June 3, 2003, Extra Credit
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June 3, 2003
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In Minnesota, No Child Left Behind Prompts "Unprecedented Attention to Individual Students"
As part of No Child Left Behind, states across the country are using test results and other criteria to identify schools in need of improvement. As recently reported in the Minneapolis Star-Tribune, these accountability measures are prompting principals and teachers in Minnesota to redouble their efforts to make sure they are meeting the needs of every child. Following is an excerpt from the Star-Tribune article:

"In the wake of the state's announcement last week that more than 400 Minnesota elementary schools may soon be tagged as needing improvement under the federal No Child Left Behind Act, schools are focusing on how to stay off that list—or how to get off it.

"For most, it means unprecedented attention to individual students and reaching those who struggle. Whether that includes summer school, after-school programs or outreach to parents depends on the school and the kids who go there, officials said. [emphasis added]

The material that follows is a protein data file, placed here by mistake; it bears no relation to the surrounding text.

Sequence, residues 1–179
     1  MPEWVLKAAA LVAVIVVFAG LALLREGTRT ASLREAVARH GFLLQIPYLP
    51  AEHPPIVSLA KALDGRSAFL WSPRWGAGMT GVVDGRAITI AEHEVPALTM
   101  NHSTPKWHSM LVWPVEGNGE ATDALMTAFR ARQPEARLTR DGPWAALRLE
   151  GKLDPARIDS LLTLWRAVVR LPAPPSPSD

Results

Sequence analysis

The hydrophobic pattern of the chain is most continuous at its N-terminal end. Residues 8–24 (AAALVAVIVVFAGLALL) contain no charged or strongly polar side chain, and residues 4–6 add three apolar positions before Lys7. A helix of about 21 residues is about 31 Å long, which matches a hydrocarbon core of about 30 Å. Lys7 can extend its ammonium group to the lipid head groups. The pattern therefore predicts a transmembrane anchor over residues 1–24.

"The real list of low performers comes out July 31, based on schools' 2003 Minnesota Comprehensive Assessment (MCA) scores. That list may shock some. For the first time, whole schools could be tagged as needing improvement judging by the achievement of smaller subgroups of students.

"That means a school with high average scores but, for example, lower scores among English-language-learners or children living in poverty could be tagged as underperforming. It's a sobering thought for many.

"'This means we need a wider lens; we have to do this for all kids,' said Sue Roehrich, curriculum director for the Winona schools. 'But it's also a very focused lens. Accountability will be much sharper in reading and math. We'll have to do well across the board.'"
This article was originally published on June 1, 2003, and is no longer available online.


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Last Modified: 01/07/2004